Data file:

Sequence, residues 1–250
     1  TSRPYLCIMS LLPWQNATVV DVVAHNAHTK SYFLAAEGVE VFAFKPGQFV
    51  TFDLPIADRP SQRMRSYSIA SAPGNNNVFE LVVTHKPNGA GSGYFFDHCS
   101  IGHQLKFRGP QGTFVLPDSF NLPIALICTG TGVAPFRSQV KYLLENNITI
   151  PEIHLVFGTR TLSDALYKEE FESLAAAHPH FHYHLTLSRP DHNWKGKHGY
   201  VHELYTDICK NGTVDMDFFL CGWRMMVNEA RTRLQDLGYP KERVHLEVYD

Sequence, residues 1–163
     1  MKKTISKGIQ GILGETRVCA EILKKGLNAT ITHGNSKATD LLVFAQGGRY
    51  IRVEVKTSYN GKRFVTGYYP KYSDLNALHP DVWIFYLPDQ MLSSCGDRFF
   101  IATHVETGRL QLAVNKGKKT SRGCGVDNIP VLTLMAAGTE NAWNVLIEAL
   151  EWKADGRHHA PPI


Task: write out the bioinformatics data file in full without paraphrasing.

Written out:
Sequence, residues 1–250
     1  TSRPYLCIMS LLPWQNATVV DVVAHNAHTK SYFLAAEGVE VFAFKPGQFV
    51  TFDLPIADRP SQRMRSYSIA SAPGNNNVFE LVVTHKPNGA GSGYFFDHCS
   101  IGHQLKFRGP QGTFVLPDSF NLPIALICTG TGVAPFRSQV KYLLENNITI
   151  PEIHLVFGTR TLSDALYKEE FESLAAAHPH FHYHLTLSRP DHNWKGKHGY
   201  VHELYTDICK NGTVDMDFFL CGWRMMVNEA RTRLQDLGYP KERVHLEVYD

Sequence, residues 1–163
     1  MKKTISKGIQ GILGETRVCA EILKKGLNAT ITHGNSKATD LLVFAQGGRY
    51  IRVEVKTSYN GKRFVTGYYP KYSDLNALHP DVWIFYLPDQ MLSSCGDRFF
   101  IATHVETGRL QLAVNKGKKT SRGCGVDNIP VLTLMAAGTE NAWNVLIEAL
   151  EWKADGRHHA PPI